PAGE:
Commercial flight is no longer something I look forward to.
There was a time that I would get excited about traveling through the air, it was different, exotic, something reserved for special occasions.
As I have grown, and flown more, it feels like when you can see beyond the intricacies of a magicians’ web of illusion, and realize that the trick wasn’t that complicated after all. It’s all simple mechanics, and seeing the same trick performed again and again, it becomes routine and mechanical.
I guess that’s true of anything though – take the fact that I am writing this mid-flight, over the Atlantic Ocean, on a device that did not exist a few years ago – a netbook computer – and how much that has become a routine part of our lives and like many technological advances is taken for granted soon enough.
My traveling companion for this trip is my uncle, who rarely flies internationally, and just requested that I don’t write about him. Apparently he doesn’t realize that the request in and of itself a reason to do so – everyone say Hi to Uncle Dennis!
Today’s trip started with us meeting at the airport, and spending a few moments weighing our bags with a mini-bag scale that I carry on trips, to verify that our checked luggage would be within the weight parameters and not incur hefty overweight fees. A short re-distribution took place, where we exchanged some items for others between our bags so that we were both at the appropriate limit of each bag being under 50 pounds (or 22 kilos).
Then we joined the line of the many people trying to be processed at the El Al check-in desks. This is a different procedure than any other airline, as El Al has their own security screening process, which isn’t that secure, I hate to tell you.
Once you finally get around enough of the line to reach an actual security person, they ask you a few standardized questions – pretty much the ones that George Carlin has ridiculed in epic words – before sending you off to the right, to wait in line again, where your checked luggage (only checked luggage!) will be scanned by their heft X-ray machines.
Waiting in this new line showed a degree of inefficient operation that I have grown accustomed to, and just like everything else when it comes to international flight, I simply sigh, suck it up, and ride the waves of despair. There are two large scanners, and only one person loading bags on to them. One line shuts down while we are waiting there due to a large family with a bunch of children having some sort of issue with putting the stroller through, or something else.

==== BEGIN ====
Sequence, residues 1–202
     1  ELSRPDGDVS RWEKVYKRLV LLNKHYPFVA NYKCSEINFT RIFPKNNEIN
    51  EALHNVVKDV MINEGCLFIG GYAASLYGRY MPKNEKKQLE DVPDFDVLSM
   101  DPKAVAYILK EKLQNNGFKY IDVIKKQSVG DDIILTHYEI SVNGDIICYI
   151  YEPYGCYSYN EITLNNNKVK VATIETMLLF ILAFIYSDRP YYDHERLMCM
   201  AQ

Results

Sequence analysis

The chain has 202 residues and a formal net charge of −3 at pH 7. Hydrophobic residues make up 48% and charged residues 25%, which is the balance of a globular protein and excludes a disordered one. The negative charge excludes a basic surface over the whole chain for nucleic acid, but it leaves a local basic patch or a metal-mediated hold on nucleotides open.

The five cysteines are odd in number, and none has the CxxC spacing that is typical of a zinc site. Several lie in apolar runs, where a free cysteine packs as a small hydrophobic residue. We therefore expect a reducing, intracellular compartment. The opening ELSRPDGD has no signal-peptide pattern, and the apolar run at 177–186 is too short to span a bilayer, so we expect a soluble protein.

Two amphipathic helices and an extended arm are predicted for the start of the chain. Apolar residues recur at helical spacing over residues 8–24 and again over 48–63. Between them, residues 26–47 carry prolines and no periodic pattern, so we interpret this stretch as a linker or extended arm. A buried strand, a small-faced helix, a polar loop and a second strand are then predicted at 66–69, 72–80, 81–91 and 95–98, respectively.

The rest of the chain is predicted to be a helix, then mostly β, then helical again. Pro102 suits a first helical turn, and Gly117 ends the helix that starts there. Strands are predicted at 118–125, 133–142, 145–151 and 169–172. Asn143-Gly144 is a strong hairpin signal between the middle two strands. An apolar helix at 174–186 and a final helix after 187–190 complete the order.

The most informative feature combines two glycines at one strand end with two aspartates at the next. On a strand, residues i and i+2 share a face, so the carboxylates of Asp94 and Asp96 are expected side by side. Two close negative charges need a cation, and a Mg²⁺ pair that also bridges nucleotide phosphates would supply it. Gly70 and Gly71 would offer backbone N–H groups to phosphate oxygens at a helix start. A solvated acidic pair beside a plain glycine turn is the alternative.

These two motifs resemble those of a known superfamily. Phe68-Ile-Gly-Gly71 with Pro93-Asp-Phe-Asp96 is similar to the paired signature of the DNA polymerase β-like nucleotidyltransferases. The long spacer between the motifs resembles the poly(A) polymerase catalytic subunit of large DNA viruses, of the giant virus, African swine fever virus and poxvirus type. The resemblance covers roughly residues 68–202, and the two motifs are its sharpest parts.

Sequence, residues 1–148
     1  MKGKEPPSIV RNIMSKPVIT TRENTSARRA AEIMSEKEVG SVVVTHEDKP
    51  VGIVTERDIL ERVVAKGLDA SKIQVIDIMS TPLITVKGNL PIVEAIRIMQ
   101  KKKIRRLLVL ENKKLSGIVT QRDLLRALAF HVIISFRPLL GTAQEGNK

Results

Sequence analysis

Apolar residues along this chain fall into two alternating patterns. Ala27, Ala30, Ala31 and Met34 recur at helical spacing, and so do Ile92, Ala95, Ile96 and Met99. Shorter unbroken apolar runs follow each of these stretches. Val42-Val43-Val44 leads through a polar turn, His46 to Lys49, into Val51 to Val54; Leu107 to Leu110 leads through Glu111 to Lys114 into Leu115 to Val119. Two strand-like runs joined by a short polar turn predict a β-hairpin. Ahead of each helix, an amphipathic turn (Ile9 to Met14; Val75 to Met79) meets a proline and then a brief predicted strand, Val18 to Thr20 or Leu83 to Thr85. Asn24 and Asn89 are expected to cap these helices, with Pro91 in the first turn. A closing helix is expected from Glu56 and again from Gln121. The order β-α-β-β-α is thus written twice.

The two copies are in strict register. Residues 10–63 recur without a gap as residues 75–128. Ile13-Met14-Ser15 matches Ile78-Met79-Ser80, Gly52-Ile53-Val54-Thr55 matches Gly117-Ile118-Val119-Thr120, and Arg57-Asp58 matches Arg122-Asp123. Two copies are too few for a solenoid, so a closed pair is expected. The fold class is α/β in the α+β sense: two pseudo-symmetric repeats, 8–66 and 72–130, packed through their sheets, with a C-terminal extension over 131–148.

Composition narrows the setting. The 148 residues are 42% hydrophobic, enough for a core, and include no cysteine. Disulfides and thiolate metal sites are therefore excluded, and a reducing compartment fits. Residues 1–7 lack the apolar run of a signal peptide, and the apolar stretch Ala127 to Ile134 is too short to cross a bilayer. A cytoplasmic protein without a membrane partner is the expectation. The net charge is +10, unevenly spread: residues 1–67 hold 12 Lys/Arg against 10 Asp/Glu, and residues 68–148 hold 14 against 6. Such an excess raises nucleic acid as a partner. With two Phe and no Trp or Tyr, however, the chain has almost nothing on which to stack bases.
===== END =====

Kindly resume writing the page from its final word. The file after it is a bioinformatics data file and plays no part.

Most of the staff are American TSA workers – except two – an older Israeli guy who kept fluttering around and interrupting any kind of flow that was slowly being achieved, and a younger Israeli girl whose sole job, it seemed, was to place a “scanned” sticker on bags that gad been scanned. She couldn’t do that very well, as a family had to come back from their lengthy check in process to ask for a sticker – which she simply gave to them.
Insecurity Note #1 – who is to say that bag was scanned or not? What is to prevent me from taking the same approach, simply not choosing to scan one bag, then coming back to the desk and getting a sticker for the second?
Insecurity Note #2 – once the bags were scanned – only checked luggage, mind you – they are returned to our possession for a lengthy wait for the check-in desk. During this time, I literally could have placed anything at all from my pockets, or even anything larger from my carry-on or backpack into my luggage that now, thanks to the security girl’s ability to focus for a moment, has a nice, official “scanned” sticker on it.
Uncle Dennis and I chat about this, shake our heads in despair and continue on with the show. I could have brought a bag full of firecrackers with me.
The check-in desks never seem to operate fast – every traveler in line in front of me seems to have a very specific set of problems that has never been encountered in the past 40 years of flight, and requires involvement of a supervisor, a manager, and sometimes a quick chat with the captain. However, it must be me, that I take the time to figure out the rules of this stupid game and adhere to them, as the moment I step up, I am typically checked in, have my boarding pass and luggage tags all in under three minutes.